Shoulder Season Bikepacking in Europe

Spring and autumn should not be ignored for cycle travel. There’s a real joy and satisfaction that you can find with “out-of-season” travel that you’ll never get if you think of summer as your only option for cycling and adventure. However, the moods of the weather and route choice need thought, so I compiled a few ideas and tips to maximize the enjoyment of shoulder season cycle travel. I’m Andy Cox, creator of the European Divide Trail bikepacking route, and I’ve been bikepacking mostly around Europe for the last five years. Before I started out on this Grand Adventure I’d done quite a few shorter trips around the UK and into Europe, but I was always focused on the summer as my main travel season. While I don’t often travel…

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Why Rest Days Matter

The ache in my toes was subtle at first. I came off of a multi-pitch climb in California, unlaced my shoes and noticed a new tenderness in my joints. But I was rock climbing. Didn’t something always hurt while I was rock climbing? Cramming my feet into narrow blocks of rubber was just part of the process. Over the following weeks, I alternated between taking rest days and partaking in light activity to give my feet the chance to recover from their ailment. But it wasn’t long before I was back on the wall, exploring the limits of my body. Early on in my life, I learned that if you just put your head down and move forward through the pain, things usually get better. In my experience, doctor’s visits…

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Great Climbs & Worthy Causes: Rock Climbing in Eastern Europe

Nina and Jeremy’s Big Idea Summer, 2020 Beranger, Savoie, France The choice of vehicle wasn’t simple. It had to be more than a camper van—reliable off-road and in remote parts of the world, and tough enough to transport a climbing wall (yes, you read that right), all of our rock-climbing gear, photography equipment, and oh yeah, also be a small apartment. Through a bit of luck, a lot of networking and some big decisions, on September 1st, 2020 our very own 1991 Unimog, which we immediately named Andrea, made it home to our village in France. For the last two years, my partner and I had not traveled abroad, for obvious reasons. As an outdoor photographer and a professional climber, Jeremy and I had shaped our lives around our travels…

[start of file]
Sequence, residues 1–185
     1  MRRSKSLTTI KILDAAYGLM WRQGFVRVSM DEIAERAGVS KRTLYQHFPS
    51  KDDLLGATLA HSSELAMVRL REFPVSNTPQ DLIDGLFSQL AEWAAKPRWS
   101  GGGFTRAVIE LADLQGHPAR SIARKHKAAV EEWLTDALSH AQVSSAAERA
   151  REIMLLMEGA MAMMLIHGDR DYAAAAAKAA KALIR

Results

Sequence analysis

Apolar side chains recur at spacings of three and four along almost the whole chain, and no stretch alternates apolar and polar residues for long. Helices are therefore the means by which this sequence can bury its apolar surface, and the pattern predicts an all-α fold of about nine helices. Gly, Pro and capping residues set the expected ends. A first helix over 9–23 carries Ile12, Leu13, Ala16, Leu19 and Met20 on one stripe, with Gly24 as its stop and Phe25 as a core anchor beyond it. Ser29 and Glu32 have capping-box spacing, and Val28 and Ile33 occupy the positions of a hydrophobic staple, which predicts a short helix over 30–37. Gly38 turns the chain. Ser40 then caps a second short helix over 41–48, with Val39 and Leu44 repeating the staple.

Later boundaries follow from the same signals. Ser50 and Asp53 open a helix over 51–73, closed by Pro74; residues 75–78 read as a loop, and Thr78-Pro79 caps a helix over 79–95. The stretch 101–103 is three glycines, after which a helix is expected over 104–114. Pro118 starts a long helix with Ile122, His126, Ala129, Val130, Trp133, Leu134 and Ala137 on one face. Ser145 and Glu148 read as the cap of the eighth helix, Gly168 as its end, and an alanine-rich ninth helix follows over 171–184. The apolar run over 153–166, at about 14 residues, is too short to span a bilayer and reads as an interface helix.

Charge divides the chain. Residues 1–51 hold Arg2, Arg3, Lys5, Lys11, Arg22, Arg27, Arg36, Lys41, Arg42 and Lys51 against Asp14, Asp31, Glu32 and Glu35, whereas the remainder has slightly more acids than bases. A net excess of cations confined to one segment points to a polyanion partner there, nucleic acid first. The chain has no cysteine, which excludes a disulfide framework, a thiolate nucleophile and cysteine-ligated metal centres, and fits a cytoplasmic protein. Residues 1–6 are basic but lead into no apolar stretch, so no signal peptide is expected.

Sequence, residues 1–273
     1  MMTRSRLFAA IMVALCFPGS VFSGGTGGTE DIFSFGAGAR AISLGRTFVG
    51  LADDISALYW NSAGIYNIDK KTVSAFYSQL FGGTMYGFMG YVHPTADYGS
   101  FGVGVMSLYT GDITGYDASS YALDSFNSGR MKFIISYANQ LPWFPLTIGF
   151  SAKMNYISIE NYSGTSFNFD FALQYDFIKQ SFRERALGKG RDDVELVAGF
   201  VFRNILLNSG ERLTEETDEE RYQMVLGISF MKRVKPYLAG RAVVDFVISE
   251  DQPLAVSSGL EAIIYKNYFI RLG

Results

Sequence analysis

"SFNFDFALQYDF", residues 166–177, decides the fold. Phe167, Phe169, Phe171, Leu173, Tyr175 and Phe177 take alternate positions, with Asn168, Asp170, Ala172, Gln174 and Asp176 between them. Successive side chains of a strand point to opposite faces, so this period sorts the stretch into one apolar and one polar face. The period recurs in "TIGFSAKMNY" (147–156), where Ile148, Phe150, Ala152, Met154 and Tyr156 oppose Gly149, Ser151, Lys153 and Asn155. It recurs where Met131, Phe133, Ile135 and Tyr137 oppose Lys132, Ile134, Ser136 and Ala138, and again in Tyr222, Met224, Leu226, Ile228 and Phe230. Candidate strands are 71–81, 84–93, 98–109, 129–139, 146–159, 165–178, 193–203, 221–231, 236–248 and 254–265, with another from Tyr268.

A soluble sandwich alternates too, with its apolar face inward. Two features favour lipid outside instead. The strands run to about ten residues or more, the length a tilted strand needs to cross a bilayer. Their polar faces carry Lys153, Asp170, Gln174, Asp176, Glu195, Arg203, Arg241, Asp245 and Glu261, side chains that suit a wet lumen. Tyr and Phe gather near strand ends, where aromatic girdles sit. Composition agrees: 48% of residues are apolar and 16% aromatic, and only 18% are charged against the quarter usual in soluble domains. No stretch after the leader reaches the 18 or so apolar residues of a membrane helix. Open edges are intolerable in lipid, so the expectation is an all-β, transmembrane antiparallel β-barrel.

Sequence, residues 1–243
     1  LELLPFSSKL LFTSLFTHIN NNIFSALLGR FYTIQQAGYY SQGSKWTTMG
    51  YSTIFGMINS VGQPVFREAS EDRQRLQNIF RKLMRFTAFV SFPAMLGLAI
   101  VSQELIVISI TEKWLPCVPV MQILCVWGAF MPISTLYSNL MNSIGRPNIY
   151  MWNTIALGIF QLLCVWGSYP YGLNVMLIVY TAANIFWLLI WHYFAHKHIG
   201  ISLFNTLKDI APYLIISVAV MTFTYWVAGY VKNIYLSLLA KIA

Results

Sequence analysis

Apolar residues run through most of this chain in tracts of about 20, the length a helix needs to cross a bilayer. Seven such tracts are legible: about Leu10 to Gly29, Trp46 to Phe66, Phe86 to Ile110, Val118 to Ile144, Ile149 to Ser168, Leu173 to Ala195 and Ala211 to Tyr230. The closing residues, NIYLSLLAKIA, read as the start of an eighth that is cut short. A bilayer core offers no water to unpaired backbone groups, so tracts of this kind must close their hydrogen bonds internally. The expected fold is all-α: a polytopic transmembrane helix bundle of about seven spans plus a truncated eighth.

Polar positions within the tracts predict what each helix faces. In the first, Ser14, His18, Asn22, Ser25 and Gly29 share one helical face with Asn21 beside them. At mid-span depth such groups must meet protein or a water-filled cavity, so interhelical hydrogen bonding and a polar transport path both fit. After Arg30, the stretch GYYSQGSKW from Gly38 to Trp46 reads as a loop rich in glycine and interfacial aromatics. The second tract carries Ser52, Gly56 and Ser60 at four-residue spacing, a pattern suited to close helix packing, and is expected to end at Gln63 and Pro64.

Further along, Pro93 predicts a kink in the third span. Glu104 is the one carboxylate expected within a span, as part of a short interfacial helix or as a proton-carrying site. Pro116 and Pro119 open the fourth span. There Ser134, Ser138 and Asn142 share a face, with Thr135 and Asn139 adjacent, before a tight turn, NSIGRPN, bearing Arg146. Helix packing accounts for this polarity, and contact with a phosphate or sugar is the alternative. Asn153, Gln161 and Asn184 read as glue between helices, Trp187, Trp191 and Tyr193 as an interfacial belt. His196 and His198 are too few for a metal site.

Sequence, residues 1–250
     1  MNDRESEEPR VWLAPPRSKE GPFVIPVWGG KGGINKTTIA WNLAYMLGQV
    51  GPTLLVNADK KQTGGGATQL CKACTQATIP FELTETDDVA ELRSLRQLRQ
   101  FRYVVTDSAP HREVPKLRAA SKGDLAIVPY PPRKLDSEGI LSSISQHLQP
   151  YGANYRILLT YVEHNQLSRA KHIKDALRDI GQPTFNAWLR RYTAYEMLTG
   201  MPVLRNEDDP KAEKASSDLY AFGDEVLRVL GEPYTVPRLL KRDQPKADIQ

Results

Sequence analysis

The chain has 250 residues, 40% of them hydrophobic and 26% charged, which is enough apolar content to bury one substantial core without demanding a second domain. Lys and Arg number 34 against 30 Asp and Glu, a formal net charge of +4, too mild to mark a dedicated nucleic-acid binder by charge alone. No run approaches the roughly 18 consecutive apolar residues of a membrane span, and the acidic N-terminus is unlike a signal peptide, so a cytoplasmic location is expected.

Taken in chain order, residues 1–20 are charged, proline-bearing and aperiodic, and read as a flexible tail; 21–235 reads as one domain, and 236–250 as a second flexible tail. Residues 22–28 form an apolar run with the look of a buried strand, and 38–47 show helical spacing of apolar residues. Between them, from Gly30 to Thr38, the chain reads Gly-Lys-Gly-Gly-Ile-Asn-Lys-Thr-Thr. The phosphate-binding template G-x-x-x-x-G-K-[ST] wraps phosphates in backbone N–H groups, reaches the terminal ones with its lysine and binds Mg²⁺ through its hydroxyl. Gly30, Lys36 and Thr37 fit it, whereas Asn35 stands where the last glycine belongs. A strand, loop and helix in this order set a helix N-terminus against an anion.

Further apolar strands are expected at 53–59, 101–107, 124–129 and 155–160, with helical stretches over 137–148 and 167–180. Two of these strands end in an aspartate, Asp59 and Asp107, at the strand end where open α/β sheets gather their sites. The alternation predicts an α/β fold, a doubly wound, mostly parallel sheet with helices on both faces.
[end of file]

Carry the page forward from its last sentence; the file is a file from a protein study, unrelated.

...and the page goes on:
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More than Bikepacking: How to Help Foster Environmental Sustainability

My introduction to bikepacking was unintentional, which is perhaps why it never felt like my two-wheeled adventures needed to focus on me. My first forays didn’t involve much more than a backpack filled with fishing gear and a tent, riding my 90’s era mountain bike down dirt roads toward reservoirs in Truckee and creeks in Davis, California, intent on fishing for the weekend. As an undergraduate in Bozeman, Montana, my lack of a driver’s license left me peddling up Hyalite Reservoir Road, touring skis strapped to my backpack as I rode that same bike from my dorm to a weekend basecamp. These days, I still avoid putting together routes based on their distance or elevation gain, choosing instead to find purpose in escaping from my normal routine at a slower…

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Choosing Mountains: Mountaineering with Traumatic Brain Injury (TBI)

Diagnosis: Traumatic Brain Injury Exhausted before it even started, my first expedition was one of survival. Constant changes in direction, diagnosis, and dialects across seven hospitals in three countries. 70% vision loss, cognitive chaos, murky memory and an abolished appetite—I was both lost for words and a lust for life following 26 stormy months in a constant climb for my life. Every step felt like an unsteady crevasse crossing, my medical team leading me from the edge of death’s doorstep into an avalanche of unknowns. Adrift amidst the losses, the only sign I could see illuminated was the mountains. They are home, comfort and constant. Mountains allow me to make sense of the confusion that surfaces amongst crowds and questions, stares and cities. Natural colossi—blockades to some, obstacles to others, opportunities…

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Crag Dogs: A Climber’s Best Friend (Or Worst Enemy)

When you punt off your project for the hundredth time in a row, having your dog at the crag with you can spell the difference between holding it together and bursting into tears. But it’s a double-edged sword. If you’re going for the send on your project and your crag dog spots a wild animal they want to chase, you need to stop, go in-direct or lower and handle your crag dog. Whether dogs belong at the crag is a difficult question with many different answers, and they may all be right. We’re here to help you make the right decision for yourself and your dog. Rules and Regulations It doesn’t matter if your dog is the best crag dog in the world, if the area’s regulations say no dogs—sorry…

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Cycling Around the World: Lessons from Living a Nomad Life

Oscar Wilde said, “If you want to be a grocer, or a general, or a politician, or a judge, you will invariably become it; that is your punishment.” Long before living a nomad life, I had wanted to be a software engineer. But when I became one, it felt like a punishment. It is not to say that a Ph.D. in computer science and a software development career in Germany were not dreams that came true. But those dreams were no longer mine. Now, I have no career, permanent address, fixed phone number, bank balance, spouse or kids. Everything I own fits inside my bicycle panniers. Every day is a new adventure. Despite all the uncertainties and difficulties I face on the road, I find a new home, a new…

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